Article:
• The patch is not for the MediaWiki software but for the configuration of Wikimedia wikis (it's in the operations/mediawiki-config repository on Gerrit).
It has been merged and deployed on the production cluster. The user right has been added to the global staff user group, and it has already been used to protect the MediaWiki:Common.js page on the German Wikipedia so that no one can edit it except Wikimedia Foundation employees.
Wikimedia Foundation is using this user right to actively fight its community of volunteers.
--here, Tomasz W. Kozłowski (odder) (no longer involved with Tech News since the change)
  • How many times he or another dev have taken down the wikis? Compare/contrast that number of events with the number of times the community has done so. Which they have been able to do ever since common.js was added.
The fact the community has occasionally done so doesn't come near to the frequency with which the devs have done so. Therefore, the argument is both wrong and bad. --Amgine (no longer involved in Wikimedia projects since the change).

...and a procedural note:

  • > I understand the Engineering folks used superprotect instead of undoing the edit and adding 'This is a WMF action.' in edit summary. <...> I suppose people could go and try editing other JS pages and cause havoc, but that's still possible where superprotect only affects a single page and not a namespace. Or can entire namespaces be protected and the new user right was intended as a means to easily revoke mediawiki:* access?
I think the problem is that your question does not really relate to the subject line, Svetlana. Office actions are specifically directed at content (e.g., removal of specific content for copyvio reasons or court orders). Office actions are almost never undertaken by Engineering staff; it's usually Legal & Community Advocacy staff, or rarely another administrative staff member.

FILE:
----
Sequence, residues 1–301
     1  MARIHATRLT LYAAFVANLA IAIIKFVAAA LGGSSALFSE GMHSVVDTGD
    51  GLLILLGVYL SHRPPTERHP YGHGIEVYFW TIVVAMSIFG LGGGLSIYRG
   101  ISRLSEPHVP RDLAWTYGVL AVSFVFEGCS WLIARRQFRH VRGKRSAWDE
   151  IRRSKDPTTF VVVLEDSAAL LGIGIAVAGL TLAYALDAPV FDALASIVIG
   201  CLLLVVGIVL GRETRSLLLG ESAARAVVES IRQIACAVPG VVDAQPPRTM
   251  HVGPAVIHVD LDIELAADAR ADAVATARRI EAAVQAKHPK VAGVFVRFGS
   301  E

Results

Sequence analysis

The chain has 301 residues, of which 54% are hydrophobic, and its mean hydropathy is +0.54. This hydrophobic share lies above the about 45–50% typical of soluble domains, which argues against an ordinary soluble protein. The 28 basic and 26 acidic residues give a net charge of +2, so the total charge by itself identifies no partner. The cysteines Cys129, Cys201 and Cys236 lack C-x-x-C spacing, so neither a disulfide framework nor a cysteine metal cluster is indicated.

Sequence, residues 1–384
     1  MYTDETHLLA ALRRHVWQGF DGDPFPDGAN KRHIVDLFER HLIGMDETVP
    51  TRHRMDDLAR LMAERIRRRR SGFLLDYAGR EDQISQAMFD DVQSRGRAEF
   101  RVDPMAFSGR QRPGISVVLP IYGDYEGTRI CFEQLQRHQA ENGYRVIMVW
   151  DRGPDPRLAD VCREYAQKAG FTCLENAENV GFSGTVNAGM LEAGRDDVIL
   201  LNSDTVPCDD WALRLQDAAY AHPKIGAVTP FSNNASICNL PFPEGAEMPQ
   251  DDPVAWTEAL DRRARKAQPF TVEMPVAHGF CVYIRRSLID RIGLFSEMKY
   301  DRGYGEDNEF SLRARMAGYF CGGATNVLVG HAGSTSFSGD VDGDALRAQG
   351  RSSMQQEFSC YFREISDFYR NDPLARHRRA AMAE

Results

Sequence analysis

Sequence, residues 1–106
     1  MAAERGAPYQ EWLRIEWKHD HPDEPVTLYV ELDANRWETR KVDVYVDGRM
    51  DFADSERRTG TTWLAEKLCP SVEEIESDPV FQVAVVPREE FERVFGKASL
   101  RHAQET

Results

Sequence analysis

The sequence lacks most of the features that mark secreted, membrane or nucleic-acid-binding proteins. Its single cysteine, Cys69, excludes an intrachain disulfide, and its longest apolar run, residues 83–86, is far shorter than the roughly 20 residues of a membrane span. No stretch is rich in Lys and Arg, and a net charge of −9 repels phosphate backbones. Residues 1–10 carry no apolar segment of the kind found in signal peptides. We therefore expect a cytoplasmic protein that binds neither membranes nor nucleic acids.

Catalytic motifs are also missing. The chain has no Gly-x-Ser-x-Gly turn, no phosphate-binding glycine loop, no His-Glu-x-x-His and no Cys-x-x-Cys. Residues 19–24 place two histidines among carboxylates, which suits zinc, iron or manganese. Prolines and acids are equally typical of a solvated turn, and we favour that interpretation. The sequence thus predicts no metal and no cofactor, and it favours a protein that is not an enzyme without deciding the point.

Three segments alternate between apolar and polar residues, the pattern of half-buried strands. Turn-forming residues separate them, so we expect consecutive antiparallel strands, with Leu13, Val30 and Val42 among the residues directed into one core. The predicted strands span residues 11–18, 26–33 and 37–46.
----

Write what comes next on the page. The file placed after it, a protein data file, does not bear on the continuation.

What you are talking about is something that has only been done very occasionally over the years by Engineering/Operations staff/sysadmins. There has been no designated manner in which those actions should be flagged. One must remember that until the last few years, the majority of individuals who could have taken (and in some cases, did take) such serious action were volunteer sysadmins, so labeling it a "WMF action" would not have been correct. We also have to remember that many of the systems that developers and engineers work with on a daily basis do not permit edit summaries, so adding what for many of us is an automatic and routine comment is for some of them a rare and unusual event. (Perhaps they should set their work account preferences to be "reminded" to include an edit summary?)
--Risker/Anne, here; a further discussion here.

Wikimedia projects run under one of these two assumptions:

«It is the assumption that editors' edits and comments are made in good faith. Most people try to help the project, not hurt it. If this were untrue, a project like Wikipedia would be doomed from the beginning. This guideline does not require that editors continue to assume good faith in the presence of obvious evidence to the contrary»
  • Never assume, documented at Wikinews for example.
«Don't assume things; be skeptical about everything. This applies to people, as well as news: don't "assume good faith", and don't assume bad faith. Also don't assume worse, or better, faith than the situation warrants.»